Customer Reviews for

Becoming Marie Antoinette

Average Rating 4
( 30 )
Rating Distribution

5 Star


4 Star


3 Star


2 Star


1 Star


Your Rating:

Your Name: Create a Pen Name or

Barnes & Review Rules

Our reader reviews allow you to share your comments on titles you liked, or didn't, with others. By submitting an online review, you are representing to Barnes & that all information contained in your review is original and accurate in all respects, and that the submission of such content by you and the posting of such content by Barnes & does not and will not violate the rights of any third party. Please follow the rules below to help ensure that your review can be posted.

Reviews by Our Customers Under the Age of 13

We highly value and respect everyone's opinion concerning the titles we offer. However, we cannot allow persons under the age of 13 to have accounts at or to post customer reviews. Please see our Terms of Use for more details.

What to exclude from your review:

Please do not write about reviews, commentary, or information posted on the product page. If you see any errors in the information on the product page, please send us an email.

Reviews should not contain any of the following:

  • - HTML tags, profanity, obscenities, vulgarities, or comments that defame anyone
  • - Time-sensitive information such as tour dates, signings, lectures, etc.
  • - Single-word reviews. Other people will read your review to discover why you liked or didn't like the title. Be descriptive.
  • - Comments focusing on the author or that may ruin the ending for others
  • - Phone numbers, addresses, URLs
  • - Pricing and availability information or alternative ordering information
  • - Advertisements or commercial solicitation


  • - By submitting a review, you grant to Barnes & and its sublicensees the royalty-free, perpetual, irrevocable right and license to use the review in accordance with the Barnes & Terms of Use.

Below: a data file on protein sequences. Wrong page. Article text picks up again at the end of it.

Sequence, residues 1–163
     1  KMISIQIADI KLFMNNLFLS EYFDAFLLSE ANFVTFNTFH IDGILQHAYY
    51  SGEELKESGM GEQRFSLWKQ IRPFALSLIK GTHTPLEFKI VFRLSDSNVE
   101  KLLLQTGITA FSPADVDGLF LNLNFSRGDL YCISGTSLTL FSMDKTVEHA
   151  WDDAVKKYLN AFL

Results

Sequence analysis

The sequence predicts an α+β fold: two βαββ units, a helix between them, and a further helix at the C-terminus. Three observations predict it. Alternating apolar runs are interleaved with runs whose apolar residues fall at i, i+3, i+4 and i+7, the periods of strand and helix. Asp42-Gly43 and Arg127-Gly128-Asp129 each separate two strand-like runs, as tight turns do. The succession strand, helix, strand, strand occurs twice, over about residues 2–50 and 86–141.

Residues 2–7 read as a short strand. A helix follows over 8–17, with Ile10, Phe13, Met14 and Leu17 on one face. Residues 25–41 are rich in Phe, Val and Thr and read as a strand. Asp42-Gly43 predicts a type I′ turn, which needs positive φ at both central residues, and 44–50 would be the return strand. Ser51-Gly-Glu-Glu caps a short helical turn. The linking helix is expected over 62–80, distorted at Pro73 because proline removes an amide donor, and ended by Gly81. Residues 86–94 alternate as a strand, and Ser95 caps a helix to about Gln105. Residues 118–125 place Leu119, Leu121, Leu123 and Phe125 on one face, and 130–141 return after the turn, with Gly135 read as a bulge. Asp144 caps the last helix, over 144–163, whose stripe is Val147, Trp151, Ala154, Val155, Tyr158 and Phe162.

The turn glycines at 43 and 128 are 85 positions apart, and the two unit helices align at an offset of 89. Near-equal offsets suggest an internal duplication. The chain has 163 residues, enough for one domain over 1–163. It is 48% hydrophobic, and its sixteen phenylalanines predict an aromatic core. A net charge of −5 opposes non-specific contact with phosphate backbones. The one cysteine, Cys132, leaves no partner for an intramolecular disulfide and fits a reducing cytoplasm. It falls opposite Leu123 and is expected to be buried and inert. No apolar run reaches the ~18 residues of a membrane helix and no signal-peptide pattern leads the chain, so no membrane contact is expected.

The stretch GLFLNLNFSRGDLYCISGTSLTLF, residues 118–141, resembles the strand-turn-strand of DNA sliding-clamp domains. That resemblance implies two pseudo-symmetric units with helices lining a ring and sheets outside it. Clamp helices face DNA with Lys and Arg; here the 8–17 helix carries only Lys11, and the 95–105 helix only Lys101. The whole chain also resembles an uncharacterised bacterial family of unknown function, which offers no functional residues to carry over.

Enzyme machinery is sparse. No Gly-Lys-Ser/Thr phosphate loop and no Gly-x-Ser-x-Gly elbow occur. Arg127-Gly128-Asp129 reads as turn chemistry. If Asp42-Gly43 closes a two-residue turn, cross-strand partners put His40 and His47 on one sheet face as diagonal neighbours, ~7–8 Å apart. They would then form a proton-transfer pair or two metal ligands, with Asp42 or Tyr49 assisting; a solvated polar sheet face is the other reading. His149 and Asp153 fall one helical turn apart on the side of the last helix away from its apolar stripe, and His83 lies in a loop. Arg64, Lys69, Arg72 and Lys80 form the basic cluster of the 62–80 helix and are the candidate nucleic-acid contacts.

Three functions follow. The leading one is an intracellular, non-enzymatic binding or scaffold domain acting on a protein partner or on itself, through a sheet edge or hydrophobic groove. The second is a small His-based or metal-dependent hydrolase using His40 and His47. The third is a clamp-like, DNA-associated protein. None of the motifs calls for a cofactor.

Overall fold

• - Barnes & reserves the right not to post any review -- particularly those that do not follow the terms and conditions of these Rules. Barnes & also reserves the right to remove any review at any time without notice.
  • - See Terms of Use for other conditions and disclaimers.
Search for Products You'd Like to Recommend

Recommend other products that relate to your review. Just search for them below and share!

Create a Pen Name

Your Pen Name is your unique identity on It will appear on the reviews you write and other website activities. Your Pen Name cannot be edited, changed or deleted once submitted.

Your Pen Name can be any combination of alphanumeric characters (plus - and _), and must be at least two characters long.

Continue Anonymously
Sort by: Showing all of 8 review with 3 star rating   See All Ratings
Page 1 of 1
  • Posted October 28, 2011

    more from this reviewer

    Infectious confection

    Becoming Marie Antoinette starts at the beginning where Marie Antoinette is still balancing her courtly lessons with her desire to chase after butterflies. She hardly seems ready to reign and dance through the political webs of French court, especially with a husband equally ill-prepared. Juliet Grey brings this young woman to life and captures her voice so vividly that one cannot help but to love her. I especially enjoyed the moments when Marie tries to capture Louis's attention - their relationship seems so beautiful in its awkwardness. The only downside that I noticed was the ending. Granted, Becoming Marie Antoinette is simply Book 1 in a series, but I had wished it had continued a little bit longer just when the story starts to take off.